Students would be encouraged to use “I like…” and “I wonder…” language to give feedback.

You could even incorporate 4th grade writing and presentation standards by having students share their ideas with the class or greater community – there are so many ways to make this project standards-aligned!

With our project, students presented their ideas in front of our entire community during our Friday All School Meeting time.

Lastly, you can provide students with structured time to reflect on the entire Design Thinking process (not just their final products!).

Design Thinking Project Ideas for 4th Grade

If you are looking for additional Design Thinking ideas to use in your 4th grade classroom, check out the ideas below:

  • School Lunchroom Redesign Project: How might we redesign the school lunchroom experience?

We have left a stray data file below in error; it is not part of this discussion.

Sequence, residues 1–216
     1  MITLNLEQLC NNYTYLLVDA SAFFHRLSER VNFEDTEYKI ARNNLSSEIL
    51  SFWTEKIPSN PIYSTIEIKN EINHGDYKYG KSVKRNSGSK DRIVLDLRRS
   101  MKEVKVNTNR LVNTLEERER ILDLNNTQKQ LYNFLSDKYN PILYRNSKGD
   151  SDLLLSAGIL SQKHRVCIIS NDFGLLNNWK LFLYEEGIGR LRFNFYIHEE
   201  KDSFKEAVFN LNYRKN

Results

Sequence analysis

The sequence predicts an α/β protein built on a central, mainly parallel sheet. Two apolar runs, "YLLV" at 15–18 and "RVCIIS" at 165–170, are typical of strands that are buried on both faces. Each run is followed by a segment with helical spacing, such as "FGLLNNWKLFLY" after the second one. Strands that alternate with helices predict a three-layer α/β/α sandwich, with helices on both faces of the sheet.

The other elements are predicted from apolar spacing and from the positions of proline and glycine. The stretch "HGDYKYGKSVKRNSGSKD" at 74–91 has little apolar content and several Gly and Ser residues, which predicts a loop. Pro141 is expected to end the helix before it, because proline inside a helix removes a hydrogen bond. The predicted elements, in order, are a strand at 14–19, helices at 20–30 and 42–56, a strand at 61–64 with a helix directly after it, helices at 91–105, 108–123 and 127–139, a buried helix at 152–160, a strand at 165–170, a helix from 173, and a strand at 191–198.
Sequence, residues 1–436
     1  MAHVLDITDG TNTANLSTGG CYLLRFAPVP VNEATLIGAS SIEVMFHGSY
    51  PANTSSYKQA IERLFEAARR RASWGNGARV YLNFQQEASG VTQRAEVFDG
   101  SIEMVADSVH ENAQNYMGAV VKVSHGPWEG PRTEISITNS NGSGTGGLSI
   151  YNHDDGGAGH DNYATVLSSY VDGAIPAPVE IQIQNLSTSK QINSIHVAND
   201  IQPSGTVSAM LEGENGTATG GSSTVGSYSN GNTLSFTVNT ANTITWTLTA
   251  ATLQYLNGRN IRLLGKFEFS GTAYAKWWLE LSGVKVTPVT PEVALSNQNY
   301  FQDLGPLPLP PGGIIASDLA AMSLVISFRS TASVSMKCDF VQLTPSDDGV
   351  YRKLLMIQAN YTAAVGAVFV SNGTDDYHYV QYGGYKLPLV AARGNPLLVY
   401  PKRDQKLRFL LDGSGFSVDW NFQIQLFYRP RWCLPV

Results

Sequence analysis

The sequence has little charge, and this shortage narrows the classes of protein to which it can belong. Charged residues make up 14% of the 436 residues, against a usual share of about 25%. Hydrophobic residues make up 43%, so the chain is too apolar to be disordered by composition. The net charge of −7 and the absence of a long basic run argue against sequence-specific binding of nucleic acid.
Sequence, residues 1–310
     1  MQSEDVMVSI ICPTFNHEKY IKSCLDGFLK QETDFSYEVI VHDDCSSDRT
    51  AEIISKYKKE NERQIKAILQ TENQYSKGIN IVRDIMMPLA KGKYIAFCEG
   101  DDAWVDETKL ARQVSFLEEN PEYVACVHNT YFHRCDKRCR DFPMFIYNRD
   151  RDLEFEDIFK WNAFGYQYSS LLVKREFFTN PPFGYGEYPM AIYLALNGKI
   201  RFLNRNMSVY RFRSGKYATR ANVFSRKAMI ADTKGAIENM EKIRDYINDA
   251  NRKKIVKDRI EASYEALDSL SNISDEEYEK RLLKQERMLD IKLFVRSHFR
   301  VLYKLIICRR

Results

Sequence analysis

• The Backpack Project: How might we design a thoughtful and helpful backpack for a friend?
  • Walk In Someone Else’s Shoes Project: How might we design a new pair of sneakers for a friend?
  • Cardboard Arcade Project: How might we design a brand new cardboard arcade game?
  • Food Waste Project: How might we design a new system to improve food waste at home or at school?
  • Lost-And-Found Project: How might we improve the lost-and-found system at our school?

Thank You!

Thank you for reading this blog post about Design Thinking in the 4th grade classroom. I’d love to hear from you! What other ideas do you have? Leave a comment down below, DM me on Instagram @edtechclass, or email me at